20 BIOLOGICAL CAUSES The dopamine hypothesis Interactions of multiple neurotransmitters ◦ Focuses on the function of dopamine in the limbic area of the brain. ◦ Hypothesis grew out of attempts to understand how antipsychotic drugs improve adjustment. ◦ Current research focuses many neurotransmitters: ◦ Dopamine ◦ Serotonin ◦ Glutamate

21 Prenatal Exposures Prenatal exposures: Prenatal viral infection Early nutritional deficiencies and maternal stress Pregnancy and birth complications

22 Cytoarchitecture Overall organization of cells in brain may be compromised

23 Biological Views Abnormal brain structure  enlarged ventricles  enlargement may be a sign of poor development or damage in related brain regions  smaller temporal and frontal lobes, smaller amounts of grey matter, and abnormal blood flow to certain brain areas

24

25 Sociocultural Views  Social labeling  Many sociocultural theorists believe that the features influenced by diagnosis itself  Society labels people who fail to conform to certain norms of behavior  Once assigned, label becomes a self-fulfilling prophecy  The dangers of social labeling have been well demonstrated  Example: Rosenhan’s 1973 “pseudo-patient” study

26 Sociocultural Views  Family dysfunctioning  often linked to family stress:  Parents of people with the disorder often:  Display more conflict  Have greater difficulty communicating  Are more critical of and overinvolved  Family theorists have long recognized that some families are high in “expressed emotion” – family members frequently express criticism and hostility and intrude on each other’s privacy  Individuals who are trying to recover almost four times more likely to relapse if they live with such a family

27 Treatment: Antipsychotic Drugs ◦ the discovery of antipsychotic drugs in 1950s that revolutionized treatment for those suffering from schizophrenia

28 ◦ Have a relatively specific effect- reduce psychotic symptoms ◦ Work as dopamine antagonist ◦ Positive symptoms respond better than negative symptoms.  reduce symptoms in at least 65% of patients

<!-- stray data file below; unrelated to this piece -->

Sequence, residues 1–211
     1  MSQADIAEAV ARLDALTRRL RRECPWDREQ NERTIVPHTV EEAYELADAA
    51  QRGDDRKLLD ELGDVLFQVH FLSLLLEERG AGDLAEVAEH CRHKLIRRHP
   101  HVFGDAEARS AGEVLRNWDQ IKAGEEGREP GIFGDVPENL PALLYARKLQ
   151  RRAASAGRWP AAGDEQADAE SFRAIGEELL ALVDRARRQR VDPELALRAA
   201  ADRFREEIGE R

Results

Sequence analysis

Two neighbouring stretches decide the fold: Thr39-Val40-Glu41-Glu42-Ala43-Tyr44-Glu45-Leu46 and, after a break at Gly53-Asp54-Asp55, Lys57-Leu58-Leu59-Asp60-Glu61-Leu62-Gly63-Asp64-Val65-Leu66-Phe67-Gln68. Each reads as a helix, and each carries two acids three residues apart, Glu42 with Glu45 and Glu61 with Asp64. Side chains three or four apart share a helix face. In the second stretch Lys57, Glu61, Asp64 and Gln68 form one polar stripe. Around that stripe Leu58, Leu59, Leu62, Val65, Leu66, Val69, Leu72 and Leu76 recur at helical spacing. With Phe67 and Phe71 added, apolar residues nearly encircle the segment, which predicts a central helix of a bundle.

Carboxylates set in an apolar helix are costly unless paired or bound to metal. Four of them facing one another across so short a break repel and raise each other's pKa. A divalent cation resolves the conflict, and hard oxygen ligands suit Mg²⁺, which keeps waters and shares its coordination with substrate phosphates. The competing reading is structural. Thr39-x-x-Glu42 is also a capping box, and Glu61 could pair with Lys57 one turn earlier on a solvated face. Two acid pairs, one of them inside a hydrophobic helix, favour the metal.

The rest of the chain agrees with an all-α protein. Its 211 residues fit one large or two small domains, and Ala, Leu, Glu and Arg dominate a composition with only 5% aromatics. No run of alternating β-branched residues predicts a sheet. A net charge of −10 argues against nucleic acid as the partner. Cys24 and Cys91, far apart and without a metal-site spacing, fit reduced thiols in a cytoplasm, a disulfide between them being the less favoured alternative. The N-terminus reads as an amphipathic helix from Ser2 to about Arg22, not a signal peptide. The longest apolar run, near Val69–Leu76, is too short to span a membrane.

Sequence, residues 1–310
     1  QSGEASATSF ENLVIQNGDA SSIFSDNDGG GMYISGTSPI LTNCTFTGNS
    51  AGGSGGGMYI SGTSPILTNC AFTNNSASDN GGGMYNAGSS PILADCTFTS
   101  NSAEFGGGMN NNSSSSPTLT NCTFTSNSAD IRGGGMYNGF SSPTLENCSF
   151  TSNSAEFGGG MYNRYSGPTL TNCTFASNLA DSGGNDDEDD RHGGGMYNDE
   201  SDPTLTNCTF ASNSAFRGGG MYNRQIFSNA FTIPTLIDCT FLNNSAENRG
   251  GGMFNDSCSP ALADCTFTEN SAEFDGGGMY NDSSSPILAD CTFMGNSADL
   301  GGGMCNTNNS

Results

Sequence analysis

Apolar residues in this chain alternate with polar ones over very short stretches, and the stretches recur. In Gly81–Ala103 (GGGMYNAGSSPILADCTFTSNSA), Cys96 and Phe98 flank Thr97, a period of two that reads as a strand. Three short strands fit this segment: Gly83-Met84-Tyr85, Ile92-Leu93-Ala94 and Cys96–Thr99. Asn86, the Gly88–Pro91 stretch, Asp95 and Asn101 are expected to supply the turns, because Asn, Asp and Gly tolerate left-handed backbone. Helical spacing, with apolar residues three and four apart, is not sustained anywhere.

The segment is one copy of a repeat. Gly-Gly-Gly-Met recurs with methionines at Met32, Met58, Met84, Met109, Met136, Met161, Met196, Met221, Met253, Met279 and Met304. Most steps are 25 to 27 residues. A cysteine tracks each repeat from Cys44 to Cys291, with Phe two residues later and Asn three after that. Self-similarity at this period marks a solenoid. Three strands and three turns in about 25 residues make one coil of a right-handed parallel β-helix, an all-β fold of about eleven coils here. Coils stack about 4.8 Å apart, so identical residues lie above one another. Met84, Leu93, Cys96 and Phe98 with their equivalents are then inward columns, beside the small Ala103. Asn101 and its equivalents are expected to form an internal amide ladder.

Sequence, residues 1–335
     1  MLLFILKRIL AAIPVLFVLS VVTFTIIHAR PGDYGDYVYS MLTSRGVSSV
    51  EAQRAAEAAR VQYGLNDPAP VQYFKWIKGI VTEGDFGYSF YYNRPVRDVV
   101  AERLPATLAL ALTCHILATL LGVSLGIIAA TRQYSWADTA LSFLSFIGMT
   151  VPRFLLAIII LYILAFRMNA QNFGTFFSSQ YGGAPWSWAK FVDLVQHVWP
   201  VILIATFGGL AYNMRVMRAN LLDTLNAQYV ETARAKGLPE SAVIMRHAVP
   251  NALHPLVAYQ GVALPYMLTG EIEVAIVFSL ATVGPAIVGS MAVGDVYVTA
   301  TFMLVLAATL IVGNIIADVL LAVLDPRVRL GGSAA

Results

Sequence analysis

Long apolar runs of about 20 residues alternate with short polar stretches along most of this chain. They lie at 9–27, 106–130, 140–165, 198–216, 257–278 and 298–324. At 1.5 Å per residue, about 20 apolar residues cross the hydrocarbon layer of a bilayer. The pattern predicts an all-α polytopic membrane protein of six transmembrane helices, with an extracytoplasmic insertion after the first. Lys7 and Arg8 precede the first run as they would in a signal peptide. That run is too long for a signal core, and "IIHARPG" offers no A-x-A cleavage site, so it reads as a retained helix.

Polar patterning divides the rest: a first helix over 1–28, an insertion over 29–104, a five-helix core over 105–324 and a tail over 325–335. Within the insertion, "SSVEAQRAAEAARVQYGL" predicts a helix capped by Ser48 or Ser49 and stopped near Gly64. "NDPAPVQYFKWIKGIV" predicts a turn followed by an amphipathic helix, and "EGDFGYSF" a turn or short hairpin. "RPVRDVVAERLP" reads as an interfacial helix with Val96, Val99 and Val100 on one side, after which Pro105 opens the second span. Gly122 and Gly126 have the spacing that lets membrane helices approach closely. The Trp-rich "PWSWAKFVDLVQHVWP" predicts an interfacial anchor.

29 Motor Side Effects (parkinsonian symptoms) ○ Extrapyramidal symptoms ○ Tardive dyskinesia

30 Second-Generation Antipsychotics ○ Atypical antipsychotics ○ Work on both serotonin and dopamine ○ Impact both positive and negative symptoms ○ Examples: Clozaril, Risperdal, Zyprexa, Seroquel, Geodon, and Abilify

31 Newer Antipsychotic Drugs  appear more effective than conventional antipsychotic drugs, especially for negative symptoms  cause few extrapyramidal side effects and seem less likely to case tardive dyskinesia  Some, however, do produce significant undesirable effects of their own

32  Cognitive-behavioral therapy  Clinicians employ techniques that seek to change how individuals view and react to their hallucinatory experiences, including:  Provide education and evidence of the biological causes of hallucinations  Challenge clients’ inaccurate ideas about the power of their hallucinations and delusions

33 Family therapy ◦ Over 50% of persons recovering from schizophrenia and other severe disorder live with family members ◦ This creates significant family stress ◦ Those who live with relatives who display high levels of expressed emotion are at greater risk for relapse than those who live with more positive or supportive families

34 Family therapy ◦ Family therapy ◦ Family therapy attempts to create more realistic expectations and provide psychoeducation about the disorder

35 Social Therapy  Treatment should include techniques that address social and personal difficulties  include: practical advice, problem solving, decision making, social skills training, medication management, employment counseling, financial assistance, and housing